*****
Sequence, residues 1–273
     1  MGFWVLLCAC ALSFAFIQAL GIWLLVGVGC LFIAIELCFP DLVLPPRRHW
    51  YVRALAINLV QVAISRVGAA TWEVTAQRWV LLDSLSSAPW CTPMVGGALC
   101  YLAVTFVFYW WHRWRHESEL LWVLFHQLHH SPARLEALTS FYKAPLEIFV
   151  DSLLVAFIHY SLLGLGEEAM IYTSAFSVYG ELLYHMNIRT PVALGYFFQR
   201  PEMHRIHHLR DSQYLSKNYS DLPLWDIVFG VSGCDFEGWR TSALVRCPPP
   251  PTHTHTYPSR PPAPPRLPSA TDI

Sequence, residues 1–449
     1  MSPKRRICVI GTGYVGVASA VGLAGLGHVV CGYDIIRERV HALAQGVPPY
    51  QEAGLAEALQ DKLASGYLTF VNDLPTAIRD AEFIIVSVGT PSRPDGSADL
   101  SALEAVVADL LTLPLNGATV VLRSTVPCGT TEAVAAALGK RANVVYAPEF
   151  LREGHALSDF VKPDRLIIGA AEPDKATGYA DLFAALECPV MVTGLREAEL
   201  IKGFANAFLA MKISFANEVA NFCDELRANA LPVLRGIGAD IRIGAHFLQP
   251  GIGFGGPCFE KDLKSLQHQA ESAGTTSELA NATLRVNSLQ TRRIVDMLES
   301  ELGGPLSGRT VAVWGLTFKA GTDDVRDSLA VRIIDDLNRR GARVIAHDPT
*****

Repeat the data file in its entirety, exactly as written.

Sequence, residues 1–273
     1  MGFWVLLCAC ALSFAFIQAL GIWLLVGVGC LFIAIELCFP DLVLPPRRHW
    51  YVRALAINLV QVAISRVGAA TWEVTAQRWV LLDSLSSAPW CTPMVGGALC
   101  YLAVTFVFYW WHRWRHESEL LWVLFHQLHH SPARLEALTS FYKAPLEIFV
   151  DSLLVAFIHY SLLGLGEEAM IYTSAFSVYG ELLYHMNIRT PVALGYFFQR
   201  PEMHRIHHLR DSQYLSKNYS DLPLWDIVFG VSGCDFEGWR TSALVRCPPP
   251  PTHTHTYPSR PPAPPRLPSA TDI

Sequence, residues 1–449
     1  MSPKRRICVI GTGYVGVASA VGLAGLGHVV CGYDIIRERV HALAQGVPPY
    51  QEAGLAEALQ DKLASGYLTF VNDLPTAIRD AEFIIVSVGT PSRPDGSADL
   101  SALEAVVADL LTLPLNGATV VLRSTVPCGT TEAVAAALGK RANVVYAPEF
   151  LREGHALSDF VKPDRLIIGA AEPDKATGYA DLFAALECPV MVTGLREAEL
   201  IKGFANAFLA MKISFANEVA NFCDELRANA LPVLRGIGAD IRIGAHFLQP
   251  GIGFGGPCFE KDLKSLQHQA ESAGTTSELA NATLRVNSLQ TRRIVDMLES
   301  ELGGPLSGRT VAVWGLTFKA GTDDVRDSLA VRIIDDLNRR GARVIAHDPT